Wednesday, April 27, 2011

A Sad (set of) Tail(s)

Today we received a phone call from a very nice girl. Her roommate however, was a little bit misguided leading to a very sad situation.

The story is one we hear at least several times each year. This individual was having a “problem” with a raccoon. Unfortunately, before seeking advice that would have possibly mitigated the situation peacefully, or at least humanely, he took matters into his own hands and decided the best solution was to end the life of this animal. Unfortunately, there are plenty of officials and companies out there that may tell individuals in these situations that the only solution is to remove the “offending” animal one way or another. Anyone who’s worked with the Wildlife In Need Center hopefully knows different – that there are many other ways to solve conflicts between humans and our wild neighbors.

Too little too late, this caring girl turned to WINC for advice only after it was discovered that the raccoon whose life had been lost had been a mother to several small, helpless, now orphaned, baby raccoons.

Baby raccoons are orphaned everyday for various reasons, when they are orphaned needlessly by uncaring individuals it takes up space and resources for those who legitimately need the care of rehabilitators

This is the time of year where many females of many species have given birth or will become mothers soon. These animals, contrary to popular belief, aren’t extra aggressive or any more likely to cause “trouble.” What these dedicated parents are looking for is a safe place to raise their young and enough food to keep themselves and their young alive and strong. If the way that we live our lives wasn’t removing more and more of the natural areas and sources for these needs and replacing them with our own versions, there would be far fewer “conflicts.”

Cute and cuddly, these little guys require many months of intense care to reach maturity and should never be raised by inexperienced individuals.

Before you, a friend, or a neighbor do something that is going to impact the lives of helpless babies consider the following and then contact the Wildlife In Need Center or your nearest wildlife rehabilitator for further suggestions.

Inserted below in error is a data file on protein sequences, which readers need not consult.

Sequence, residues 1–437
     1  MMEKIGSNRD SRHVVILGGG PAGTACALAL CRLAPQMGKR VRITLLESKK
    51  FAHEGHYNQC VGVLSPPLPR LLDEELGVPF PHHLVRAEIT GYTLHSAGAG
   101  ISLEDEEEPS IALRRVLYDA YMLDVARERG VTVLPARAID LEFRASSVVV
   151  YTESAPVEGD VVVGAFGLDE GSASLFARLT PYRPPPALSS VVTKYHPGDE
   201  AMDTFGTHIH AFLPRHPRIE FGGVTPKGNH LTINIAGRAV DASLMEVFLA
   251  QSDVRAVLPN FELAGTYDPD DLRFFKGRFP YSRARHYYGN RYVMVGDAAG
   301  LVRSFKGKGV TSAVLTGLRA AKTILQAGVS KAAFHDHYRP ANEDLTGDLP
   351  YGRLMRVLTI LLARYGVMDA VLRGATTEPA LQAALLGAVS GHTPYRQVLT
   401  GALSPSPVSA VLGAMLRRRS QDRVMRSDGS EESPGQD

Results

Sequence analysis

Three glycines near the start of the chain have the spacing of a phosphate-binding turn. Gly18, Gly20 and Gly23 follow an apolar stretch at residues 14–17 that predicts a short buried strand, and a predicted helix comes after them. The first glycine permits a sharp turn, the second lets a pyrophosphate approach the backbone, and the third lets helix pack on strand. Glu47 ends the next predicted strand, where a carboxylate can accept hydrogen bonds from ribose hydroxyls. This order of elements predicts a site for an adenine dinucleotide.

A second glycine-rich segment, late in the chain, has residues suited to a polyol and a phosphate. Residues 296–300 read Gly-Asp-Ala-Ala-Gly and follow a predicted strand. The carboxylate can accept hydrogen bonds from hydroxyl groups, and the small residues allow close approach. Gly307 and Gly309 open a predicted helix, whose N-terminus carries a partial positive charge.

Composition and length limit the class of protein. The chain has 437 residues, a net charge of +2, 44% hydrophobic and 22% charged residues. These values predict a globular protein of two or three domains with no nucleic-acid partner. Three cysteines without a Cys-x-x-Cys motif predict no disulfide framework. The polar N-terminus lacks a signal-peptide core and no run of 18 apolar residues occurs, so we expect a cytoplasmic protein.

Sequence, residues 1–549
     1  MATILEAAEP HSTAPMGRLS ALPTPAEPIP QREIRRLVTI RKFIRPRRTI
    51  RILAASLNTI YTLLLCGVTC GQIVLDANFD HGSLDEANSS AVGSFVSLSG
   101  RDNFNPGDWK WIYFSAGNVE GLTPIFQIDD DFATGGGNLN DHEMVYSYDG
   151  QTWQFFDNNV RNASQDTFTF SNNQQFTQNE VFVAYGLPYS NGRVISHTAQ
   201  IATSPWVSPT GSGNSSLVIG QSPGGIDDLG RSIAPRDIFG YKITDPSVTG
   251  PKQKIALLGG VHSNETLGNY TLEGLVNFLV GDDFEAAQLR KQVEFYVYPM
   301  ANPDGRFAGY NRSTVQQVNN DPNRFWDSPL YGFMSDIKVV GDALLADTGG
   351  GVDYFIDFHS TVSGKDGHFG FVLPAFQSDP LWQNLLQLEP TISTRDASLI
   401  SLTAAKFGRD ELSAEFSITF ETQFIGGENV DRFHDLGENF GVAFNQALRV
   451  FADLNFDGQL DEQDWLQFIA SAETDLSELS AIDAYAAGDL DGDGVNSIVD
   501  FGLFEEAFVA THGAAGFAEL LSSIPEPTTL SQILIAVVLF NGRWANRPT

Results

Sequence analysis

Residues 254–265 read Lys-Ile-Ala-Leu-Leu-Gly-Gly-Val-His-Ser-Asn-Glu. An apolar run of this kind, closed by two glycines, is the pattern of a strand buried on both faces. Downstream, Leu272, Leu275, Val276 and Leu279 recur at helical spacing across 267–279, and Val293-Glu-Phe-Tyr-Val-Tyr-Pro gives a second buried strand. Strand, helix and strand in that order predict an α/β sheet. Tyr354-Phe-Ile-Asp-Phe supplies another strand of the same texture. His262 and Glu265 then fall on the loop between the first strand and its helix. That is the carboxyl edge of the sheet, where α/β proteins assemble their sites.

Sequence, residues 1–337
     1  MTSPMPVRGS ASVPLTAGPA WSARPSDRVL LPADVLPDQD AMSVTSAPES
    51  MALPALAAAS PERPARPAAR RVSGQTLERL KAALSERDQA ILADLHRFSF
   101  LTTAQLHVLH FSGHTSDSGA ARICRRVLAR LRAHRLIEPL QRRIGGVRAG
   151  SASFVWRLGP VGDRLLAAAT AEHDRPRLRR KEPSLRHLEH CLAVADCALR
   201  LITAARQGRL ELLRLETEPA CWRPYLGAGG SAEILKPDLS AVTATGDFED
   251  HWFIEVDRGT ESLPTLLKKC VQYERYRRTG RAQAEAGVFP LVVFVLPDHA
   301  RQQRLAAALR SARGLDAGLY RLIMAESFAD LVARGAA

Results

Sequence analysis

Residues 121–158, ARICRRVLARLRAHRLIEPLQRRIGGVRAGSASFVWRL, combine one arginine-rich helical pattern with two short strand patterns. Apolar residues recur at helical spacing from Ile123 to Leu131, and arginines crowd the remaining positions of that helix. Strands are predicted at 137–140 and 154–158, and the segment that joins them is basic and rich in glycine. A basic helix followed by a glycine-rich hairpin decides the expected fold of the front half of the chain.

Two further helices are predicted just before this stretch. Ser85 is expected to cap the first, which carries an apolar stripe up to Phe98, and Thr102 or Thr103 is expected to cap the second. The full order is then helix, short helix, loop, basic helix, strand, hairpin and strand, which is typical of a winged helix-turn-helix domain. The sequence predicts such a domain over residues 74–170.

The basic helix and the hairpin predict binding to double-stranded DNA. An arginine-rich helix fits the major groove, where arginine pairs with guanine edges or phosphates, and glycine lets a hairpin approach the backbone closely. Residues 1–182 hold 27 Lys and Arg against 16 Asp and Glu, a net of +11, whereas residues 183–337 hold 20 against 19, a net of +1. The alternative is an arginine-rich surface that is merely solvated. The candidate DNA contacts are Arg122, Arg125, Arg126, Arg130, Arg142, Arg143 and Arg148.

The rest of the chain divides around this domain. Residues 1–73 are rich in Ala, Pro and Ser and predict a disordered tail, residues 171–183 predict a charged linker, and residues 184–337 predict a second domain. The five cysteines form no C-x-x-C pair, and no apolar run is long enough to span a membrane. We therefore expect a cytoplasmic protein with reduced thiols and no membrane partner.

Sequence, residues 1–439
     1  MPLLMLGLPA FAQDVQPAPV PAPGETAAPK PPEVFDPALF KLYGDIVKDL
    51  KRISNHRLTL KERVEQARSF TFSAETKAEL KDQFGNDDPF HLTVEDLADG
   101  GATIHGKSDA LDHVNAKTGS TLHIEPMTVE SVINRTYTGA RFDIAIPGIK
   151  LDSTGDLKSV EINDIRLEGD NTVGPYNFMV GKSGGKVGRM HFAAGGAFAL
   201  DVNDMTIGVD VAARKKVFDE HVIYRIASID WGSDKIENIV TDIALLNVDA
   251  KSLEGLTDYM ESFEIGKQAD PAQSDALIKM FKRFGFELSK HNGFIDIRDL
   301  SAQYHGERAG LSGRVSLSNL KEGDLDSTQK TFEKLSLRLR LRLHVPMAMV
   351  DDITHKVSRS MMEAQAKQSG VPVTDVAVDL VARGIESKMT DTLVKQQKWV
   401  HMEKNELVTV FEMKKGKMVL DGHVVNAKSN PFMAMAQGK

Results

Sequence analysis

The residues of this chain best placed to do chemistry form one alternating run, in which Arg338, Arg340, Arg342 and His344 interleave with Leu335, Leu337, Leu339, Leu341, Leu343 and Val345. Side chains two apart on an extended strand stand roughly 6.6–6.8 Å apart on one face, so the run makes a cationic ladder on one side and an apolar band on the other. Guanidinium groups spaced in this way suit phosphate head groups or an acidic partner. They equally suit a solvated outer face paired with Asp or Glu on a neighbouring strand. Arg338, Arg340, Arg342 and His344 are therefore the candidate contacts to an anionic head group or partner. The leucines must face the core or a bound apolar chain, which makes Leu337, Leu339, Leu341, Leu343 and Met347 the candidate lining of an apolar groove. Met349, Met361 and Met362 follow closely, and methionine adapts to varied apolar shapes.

• If you can pinpoint a food source that might be attracting animals, eliminate it, or at least move it or limit their access to it. The further away a parent has to go for food the more likely they are to move their nest closer to that food source.
  • If a mother has taken up residence in your attic, garage, or any other place where it is absolutely not possible to allow them to stay use some standard humane hazing techniques from our website and look at ways to exclude them (and anyone else) from returning once they move on to a safer home.
  • Especially during this time of year, always assume that an animal could be a female and that she could have young somewhere. If you have problems with animals getting unwanted access never just seal off the entry point and assume that there won’t be babies left behind. If so, the mother might just break right through your fix making things worse than they were to begin with. Look at humane hazing techniques to convince mom to move elsewhere, or just let her finish rearing her young and then repair the area. 
  • Never purposely get in between a mother and her young, and certainly never corner an adult animal during any time of the year.
After months (yes months!) of care these "little bandits" become bigger, stronger and much more difficult to handle. This is the time they are ready to be released into new territories to survive the way they were born to survive - free.

Conflicts can be resolved peacefully, always contact a rehabilitator before taking drastic measures. Thank you for caring.

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